Adakai noted that he wrote “Yel’nah’yah, One Who has Walked it” not to brag about himself, but to stop the stereotyping of Native people. “There are many, many Native people all over the country and up in Canada that have made names for themselves, but they are not acknowledged for the successful living they have achieved,” he said.
“Yel’nah’yah, One Who Has Walked It” is one of three books Adakai has written. All three will be available soon on Amazon.com.
“Dineh’ Kei Gei’ Yah’ Dail’ Tei – We Speak In The Dineh’ Language” is Adakai’s second book. He warns that it’s controversial in nature and will probably start a lot of arguments from linguists and educators who teach the language.
“Mostly Navajo language teaching is nothing more than teaching conversational Diné,” he said. “What (teachers) are overlooking is the origination of the words. Students need to know how the words came about to know what they are talking about. “For example, when the cow was first seen by the Diné, the more they looked at it, they saw that its coat was very shiny, like it had been scraped,” he said, “so they called it Bei’ Guzzi’ (something you scraped).”
Adakai said the origin of words is especially important in clanship introductions. “A lot of Diné children don’t know what clan they are,” he said. “Or, if they do, they don’t know the true meaning.”
Speaking about his paternal clan, he said that Naakai refers to one who walks, one who wanders. “When I introduce myself,” he said, “I don’t say Mexican Clan, I say Wandering Clan.” He said elders are the best resource to learn about the origin of words.
“There are a lot of teachers on Navajo,” he said, “ones who have walked it, like I did. If we don’t tap information from them, it’s going to be lost and it will be gone forever.”
Adakai said every summer he and his wife, Corie, took off from Albuquerque and headed north in their mobile home to visit her family on Ojibwe tribal lands in North Dakota. When their great-grandson Jax, Toh’ Lah’ Chee’ (Pure Red), was four years old, he wanted to go with them. “He cried and cried,” said Adakai. After returning home from their travels, they promised Jax he could go with them the next summer.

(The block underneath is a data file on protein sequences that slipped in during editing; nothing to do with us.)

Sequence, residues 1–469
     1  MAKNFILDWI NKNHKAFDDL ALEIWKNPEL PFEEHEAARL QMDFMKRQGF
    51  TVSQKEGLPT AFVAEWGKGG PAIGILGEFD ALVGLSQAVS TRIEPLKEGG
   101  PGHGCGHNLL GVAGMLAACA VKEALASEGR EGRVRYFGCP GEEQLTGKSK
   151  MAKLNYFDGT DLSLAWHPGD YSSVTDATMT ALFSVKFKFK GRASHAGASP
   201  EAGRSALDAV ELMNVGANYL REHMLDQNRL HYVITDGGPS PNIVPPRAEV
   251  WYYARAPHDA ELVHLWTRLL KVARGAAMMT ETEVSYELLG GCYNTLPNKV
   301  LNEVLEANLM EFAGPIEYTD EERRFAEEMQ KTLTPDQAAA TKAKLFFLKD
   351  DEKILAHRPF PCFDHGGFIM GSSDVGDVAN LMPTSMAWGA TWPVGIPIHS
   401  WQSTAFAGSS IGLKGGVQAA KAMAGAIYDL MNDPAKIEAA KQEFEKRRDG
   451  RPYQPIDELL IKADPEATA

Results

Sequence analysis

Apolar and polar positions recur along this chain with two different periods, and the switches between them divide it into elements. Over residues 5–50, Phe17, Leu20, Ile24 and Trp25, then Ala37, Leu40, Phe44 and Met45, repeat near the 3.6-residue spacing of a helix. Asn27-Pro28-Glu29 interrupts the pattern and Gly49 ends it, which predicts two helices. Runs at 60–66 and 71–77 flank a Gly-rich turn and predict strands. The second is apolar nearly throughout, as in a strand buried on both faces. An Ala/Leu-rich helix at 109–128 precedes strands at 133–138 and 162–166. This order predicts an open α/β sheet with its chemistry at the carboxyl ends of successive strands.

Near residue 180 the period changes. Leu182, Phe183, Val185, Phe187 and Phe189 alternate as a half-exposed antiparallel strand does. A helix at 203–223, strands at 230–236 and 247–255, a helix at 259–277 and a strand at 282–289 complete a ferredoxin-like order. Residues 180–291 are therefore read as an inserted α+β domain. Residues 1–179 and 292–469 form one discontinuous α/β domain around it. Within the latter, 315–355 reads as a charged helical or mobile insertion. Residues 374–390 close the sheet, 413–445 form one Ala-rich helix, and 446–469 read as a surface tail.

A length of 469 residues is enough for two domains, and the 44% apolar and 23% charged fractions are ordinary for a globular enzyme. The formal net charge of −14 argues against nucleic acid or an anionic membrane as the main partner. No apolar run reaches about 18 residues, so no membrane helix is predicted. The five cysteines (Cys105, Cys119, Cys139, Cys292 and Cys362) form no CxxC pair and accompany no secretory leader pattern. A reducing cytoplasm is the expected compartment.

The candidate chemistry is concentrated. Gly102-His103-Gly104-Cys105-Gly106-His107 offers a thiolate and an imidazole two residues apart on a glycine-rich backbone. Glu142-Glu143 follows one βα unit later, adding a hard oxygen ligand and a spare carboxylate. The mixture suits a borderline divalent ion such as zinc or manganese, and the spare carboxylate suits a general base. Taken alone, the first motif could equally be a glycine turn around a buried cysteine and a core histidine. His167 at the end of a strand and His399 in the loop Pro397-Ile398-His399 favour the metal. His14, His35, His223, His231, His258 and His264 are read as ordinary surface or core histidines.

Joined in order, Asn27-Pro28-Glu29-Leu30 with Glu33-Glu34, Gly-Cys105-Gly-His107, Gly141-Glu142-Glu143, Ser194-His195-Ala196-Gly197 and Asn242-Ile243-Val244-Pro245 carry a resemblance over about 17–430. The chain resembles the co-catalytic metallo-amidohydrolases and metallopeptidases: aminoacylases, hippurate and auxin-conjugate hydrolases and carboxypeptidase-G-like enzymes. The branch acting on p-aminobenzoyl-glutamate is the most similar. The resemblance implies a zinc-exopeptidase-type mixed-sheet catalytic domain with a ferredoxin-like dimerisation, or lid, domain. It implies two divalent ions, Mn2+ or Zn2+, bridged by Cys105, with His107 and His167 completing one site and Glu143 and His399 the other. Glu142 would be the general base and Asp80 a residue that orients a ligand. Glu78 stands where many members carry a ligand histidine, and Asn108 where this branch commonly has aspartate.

“He was so excited, he told everyone he met, ‘I am going to North Dakota,’” which Adakai said inspired the title of the book. During his travels, Jax learned about the Medea ceremonies of his great-grandmother’s people and met his great-grandparents, cousins, grandma, grandpa, uncles and aunties for the first time.
“It was a learning process for him,” said Adakai, who wrote the book to encourage parents and grandparents to travel with their children and grandchildren. “It will benefit the whole family,” he stressed. Back at his desk in his home office where he has spent many hours writing the books, Adakai looks slowly around at pictures hanging on the walls.
His family surrounds him – his wife Corie, children Kurt, Jaylene and Kevin, his grandchildren Rayma, Frank, Raymond and Shundiin, and great-grandchildren Jax, Braydon and Gunner. “It’s been a wonderful life,” he said. “We have been blessed, my wife and I.” Adakai is planning a book signing on Facebook when the books are published on Amazon.
Watch the Navajo Times calendar section for the date. When available, google Amazon.com and search by titles. 4